This is a simple shader to make the basic diffuse cast and receive shadows when using an orthographic camera inside Unity. Just copy paste the code and save as DiffuseOrthoShadows.shader inside your project. 


Shader "DiffuseOrthoShadows" {
    Properties {
        _Color ("Main Color", Color) = (1,1,1,1)
        _MainTex ("Base (RGB)", 2D) = "white" {}
    SubShader {
        Tags { "RenderType"="Opaque" }
        LOD 200

        #pragma surface surf Lambert fullforwardshadows

        sampler2D _MainTex;
        fixed4 _Color;

        struct Input {
            float2 uv_MainTex;

        void surf (Input IN, inout SurfaceOutput o) {
            fixed4 c = tex2D(_MainTex, IN.uv_MainTex) * _Color;
            o.Albedo = c.rgb;
            o.Alpha = c.a;
    Fallback "VertexLit"


At the moment most of the scene setup is made by hand, but I am working on a level designer to make my life easier. A level designer is a lot of work tho and I have to balance my priorities. If it takes me more time to build the designer than It takes me to actually make all the levels for the game, the designer become useless, but it's still something I want to do because I would like to have a player accessible editor in the game for people to make levels and share them, either directly in the game or maybe via the steam workshop at some point.Anyway this is something for later probably.


Fig 5 : UnityUnity Editor


In conclusion

So that's pretty much it. A very long text for a very simplified explanation of how I do the game assets for In The Shadows, I hope you enjoyed it and that it might give ideas to others to do cool things.




Hey, I love your game and your blog. I just found you today, and you've done so many cool things and there are so many things I want to ask :D. Is there any way that I can contact you?Cheers ^^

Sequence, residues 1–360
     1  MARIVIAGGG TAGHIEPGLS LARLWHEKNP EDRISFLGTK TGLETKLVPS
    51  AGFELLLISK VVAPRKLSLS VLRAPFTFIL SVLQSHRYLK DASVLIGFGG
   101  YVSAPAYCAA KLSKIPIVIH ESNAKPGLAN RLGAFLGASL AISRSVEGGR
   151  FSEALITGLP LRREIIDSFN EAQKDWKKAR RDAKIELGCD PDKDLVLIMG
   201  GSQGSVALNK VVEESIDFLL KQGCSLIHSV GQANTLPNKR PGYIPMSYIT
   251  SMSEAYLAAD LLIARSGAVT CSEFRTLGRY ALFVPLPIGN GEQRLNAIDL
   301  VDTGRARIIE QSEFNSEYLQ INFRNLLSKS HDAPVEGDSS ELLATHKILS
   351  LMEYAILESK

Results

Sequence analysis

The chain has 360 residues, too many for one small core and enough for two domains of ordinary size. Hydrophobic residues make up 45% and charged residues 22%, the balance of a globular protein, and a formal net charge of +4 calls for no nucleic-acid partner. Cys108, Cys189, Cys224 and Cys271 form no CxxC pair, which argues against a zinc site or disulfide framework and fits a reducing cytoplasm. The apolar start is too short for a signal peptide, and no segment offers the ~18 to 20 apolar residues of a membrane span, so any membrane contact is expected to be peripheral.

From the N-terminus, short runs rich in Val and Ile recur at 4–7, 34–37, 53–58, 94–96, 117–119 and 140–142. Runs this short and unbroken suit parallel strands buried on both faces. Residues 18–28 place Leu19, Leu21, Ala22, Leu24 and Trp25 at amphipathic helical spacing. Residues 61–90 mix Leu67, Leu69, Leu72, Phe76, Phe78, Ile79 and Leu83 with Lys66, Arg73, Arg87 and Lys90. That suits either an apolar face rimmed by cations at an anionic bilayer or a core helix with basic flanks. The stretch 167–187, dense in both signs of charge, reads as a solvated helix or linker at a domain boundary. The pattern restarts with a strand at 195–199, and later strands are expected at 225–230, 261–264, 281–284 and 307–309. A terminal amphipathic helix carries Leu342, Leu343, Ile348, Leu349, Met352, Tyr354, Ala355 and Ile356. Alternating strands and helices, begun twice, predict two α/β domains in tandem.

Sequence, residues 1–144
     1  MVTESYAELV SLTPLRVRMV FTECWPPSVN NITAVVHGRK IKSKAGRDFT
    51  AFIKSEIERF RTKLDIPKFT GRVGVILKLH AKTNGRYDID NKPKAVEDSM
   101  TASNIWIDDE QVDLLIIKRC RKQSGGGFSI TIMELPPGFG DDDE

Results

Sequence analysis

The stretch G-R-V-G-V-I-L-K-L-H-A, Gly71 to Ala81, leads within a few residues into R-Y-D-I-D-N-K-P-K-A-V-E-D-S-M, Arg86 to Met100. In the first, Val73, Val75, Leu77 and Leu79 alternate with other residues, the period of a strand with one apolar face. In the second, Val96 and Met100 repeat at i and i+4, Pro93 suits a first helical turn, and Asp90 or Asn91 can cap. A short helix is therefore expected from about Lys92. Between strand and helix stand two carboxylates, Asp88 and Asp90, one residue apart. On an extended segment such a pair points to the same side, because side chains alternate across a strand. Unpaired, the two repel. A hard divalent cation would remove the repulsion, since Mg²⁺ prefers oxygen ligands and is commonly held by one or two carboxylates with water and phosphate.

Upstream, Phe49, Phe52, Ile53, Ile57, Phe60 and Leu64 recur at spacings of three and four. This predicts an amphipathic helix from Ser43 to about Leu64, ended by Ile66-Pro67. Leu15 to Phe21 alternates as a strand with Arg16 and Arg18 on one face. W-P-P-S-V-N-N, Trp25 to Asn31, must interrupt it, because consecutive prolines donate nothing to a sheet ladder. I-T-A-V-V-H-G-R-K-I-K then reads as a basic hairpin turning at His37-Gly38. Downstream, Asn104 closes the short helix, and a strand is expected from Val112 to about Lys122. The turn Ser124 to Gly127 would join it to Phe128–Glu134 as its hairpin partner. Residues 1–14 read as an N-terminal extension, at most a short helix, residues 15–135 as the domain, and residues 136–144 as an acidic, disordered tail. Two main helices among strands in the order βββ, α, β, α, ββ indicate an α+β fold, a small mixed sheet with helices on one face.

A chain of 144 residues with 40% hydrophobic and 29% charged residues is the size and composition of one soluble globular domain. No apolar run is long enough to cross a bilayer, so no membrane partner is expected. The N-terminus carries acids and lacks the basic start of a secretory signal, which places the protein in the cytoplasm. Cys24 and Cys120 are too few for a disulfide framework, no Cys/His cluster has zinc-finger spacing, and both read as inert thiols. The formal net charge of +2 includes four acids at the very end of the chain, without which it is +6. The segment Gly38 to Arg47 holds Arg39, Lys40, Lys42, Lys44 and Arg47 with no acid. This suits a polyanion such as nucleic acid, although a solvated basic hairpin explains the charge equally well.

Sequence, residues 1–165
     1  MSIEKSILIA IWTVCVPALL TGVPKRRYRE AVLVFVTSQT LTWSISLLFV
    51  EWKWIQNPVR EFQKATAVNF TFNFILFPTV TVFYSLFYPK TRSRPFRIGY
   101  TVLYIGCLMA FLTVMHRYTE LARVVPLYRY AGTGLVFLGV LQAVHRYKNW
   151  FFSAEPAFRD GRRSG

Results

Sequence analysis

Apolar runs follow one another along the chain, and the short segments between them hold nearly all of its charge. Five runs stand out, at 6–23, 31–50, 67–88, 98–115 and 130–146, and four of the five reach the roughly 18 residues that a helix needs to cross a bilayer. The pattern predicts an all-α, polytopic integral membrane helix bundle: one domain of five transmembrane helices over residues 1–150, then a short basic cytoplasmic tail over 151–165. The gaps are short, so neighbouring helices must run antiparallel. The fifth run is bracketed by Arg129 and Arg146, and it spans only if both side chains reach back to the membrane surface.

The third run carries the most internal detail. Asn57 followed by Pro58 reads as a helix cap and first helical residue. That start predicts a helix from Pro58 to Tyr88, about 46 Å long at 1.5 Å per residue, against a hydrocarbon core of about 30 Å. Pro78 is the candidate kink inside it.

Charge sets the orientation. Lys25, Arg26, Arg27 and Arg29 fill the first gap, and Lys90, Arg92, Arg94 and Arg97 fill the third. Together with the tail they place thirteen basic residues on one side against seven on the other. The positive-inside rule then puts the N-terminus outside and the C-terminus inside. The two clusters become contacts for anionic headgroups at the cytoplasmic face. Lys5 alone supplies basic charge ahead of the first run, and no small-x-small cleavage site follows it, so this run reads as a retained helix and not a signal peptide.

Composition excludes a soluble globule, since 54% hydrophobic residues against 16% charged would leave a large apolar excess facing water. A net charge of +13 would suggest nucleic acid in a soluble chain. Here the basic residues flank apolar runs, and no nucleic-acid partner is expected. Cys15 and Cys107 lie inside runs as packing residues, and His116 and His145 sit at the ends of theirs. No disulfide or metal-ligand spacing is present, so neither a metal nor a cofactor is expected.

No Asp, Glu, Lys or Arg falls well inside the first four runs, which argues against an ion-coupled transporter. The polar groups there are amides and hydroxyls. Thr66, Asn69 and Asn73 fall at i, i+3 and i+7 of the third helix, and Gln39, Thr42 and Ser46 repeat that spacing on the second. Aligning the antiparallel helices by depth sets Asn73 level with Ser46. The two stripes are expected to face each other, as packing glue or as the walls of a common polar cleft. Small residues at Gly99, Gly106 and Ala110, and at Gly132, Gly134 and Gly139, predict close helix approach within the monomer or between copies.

Is the email you used for this comment valid? I can send you an e-mail to that address. You can follow me on twitter otherwise, I''ll dm you
Hey i am too :) this Game awesome :)
You said that the character is 2d right, if so is the animation of the character/enemy etc done using sprite sheet ?
@Shafy Yes all the 2D elements are hand animated frame by frame using sprite sheet.
Thank you, I want to ask one more thing, I've also created 3d objects using Magica Voxel, a software which is very similar to Qubical and imported it to Unity, have applied lights as well but i'm still not satisfied with the lightings, Can you explain a bit about how you used lighting in the game to cast shadows?
@Shafy Hey sorry for the late response, I didn't see the notification. There is nothing really fancy about how I light the scenes in the game. Using the technique in the article should work pretty well. There is a lot of tweaking involved, playing with the Z placement of lights and objects to get the desired result, sometime I do have to cheat a lot, but as long as it looks good in orthographic I'm happy, otherwise it's a pretty simple setup I think.
No worries dude, many thanks.
Your art is very inspiring. Thanks for sharing ideas in your articles!